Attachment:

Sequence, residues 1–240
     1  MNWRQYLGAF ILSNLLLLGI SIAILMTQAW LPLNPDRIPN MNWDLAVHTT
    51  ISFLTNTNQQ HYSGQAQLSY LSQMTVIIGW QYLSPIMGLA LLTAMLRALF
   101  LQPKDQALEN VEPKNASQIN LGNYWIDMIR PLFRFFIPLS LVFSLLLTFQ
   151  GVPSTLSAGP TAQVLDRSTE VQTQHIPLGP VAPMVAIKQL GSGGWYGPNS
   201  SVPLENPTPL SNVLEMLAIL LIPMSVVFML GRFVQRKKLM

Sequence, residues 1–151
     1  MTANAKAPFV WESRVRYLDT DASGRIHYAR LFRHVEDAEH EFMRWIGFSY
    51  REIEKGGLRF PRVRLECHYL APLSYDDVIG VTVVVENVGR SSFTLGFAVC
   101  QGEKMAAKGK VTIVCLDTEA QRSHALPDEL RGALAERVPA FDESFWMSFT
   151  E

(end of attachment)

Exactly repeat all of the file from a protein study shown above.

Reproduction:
Sequence, residues 1–240
     1  MNWRQYLGAF ILSNLLLLGI SIAILMTQAW LPLNPDRIPN MNWDLAVHTT
    51  ISFLTNTNQQ HYSGQAQLSY LSQMTVIIGW QYLSPIMGLA LLTAMLRALF
   101  LQPKDQALEN VEPKNASQIN LGNYWIDMIR PLFRFFIPLS LVFSLLLTFQ
   151  GVPSTLSAGP TAQVLDRSTE VQTQHIPLGP VAPMVAIKQL GSGGWYGPNS
   201  SVPLENPTPL SNVLEMLAIL LIPMSVVFML GRFVQRKKLM

Sequence, residues 1–151
     1  MTANAKAPFV WESRVRYLDT DASGRIHYAR LFRHVEDAEH EFMRWIGFSY
    51  REIEKGGLRF PRVRLECHYL APLSYDDVIG VTVVVENVGR SSFTLGFAVC
   101  QGEKMAAKGK VTIVCLDTEA QRSHALPDEL RGALAERVPA FDESFWMSFT
   151  E